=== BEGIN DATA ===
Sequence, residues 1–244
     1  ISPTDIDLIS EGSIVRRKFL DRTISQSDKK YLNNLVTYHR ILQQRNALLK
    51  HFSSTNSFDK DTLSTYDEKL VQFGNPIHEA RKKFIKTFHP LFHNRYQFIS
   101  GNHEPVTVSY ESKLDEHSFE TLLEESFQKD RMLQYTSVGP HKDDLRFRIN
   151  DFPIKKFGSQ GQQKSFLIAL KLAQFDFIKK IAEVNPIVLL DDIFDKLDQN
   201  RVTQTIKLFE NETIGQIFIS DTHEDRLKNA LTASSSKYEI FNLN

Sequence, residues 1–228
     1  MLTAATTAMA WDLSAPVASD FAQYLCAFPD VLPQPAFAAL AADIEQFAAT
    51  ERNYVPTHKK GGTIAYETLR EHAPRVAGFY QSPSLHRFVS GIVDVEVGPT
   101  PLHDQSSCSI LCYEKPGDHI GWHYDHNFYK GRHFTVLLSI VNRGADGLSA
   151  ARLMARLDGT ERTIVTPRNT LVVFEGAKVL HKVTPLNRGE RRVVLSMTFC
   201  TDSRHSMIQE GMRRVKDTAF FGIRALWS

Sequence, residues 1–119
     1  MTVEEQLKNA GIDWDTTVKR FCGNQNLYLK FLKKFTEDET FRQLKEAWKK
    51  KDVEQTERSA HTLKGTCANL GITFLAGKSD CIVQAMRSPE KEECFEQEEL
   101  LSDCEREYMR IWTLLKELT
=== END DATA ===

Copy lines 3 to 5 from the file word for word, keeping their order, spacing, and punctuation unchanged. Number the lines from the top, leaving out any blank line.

    51  HFSSTNSFDK DTLSTYDEKL VQFGNPIHEA RKKFIKTFHP LFHNRYQFIS
   101  GNHEPVTVSY ESKLDEHSFE TLLEESFQKD RMLQYTSVGP HKDDLRFRIN
   151  DFPIKKFGSQ GQQKSFLIAL KLAQFDFIKK IAEVNPIVLL DDIFDKLDQN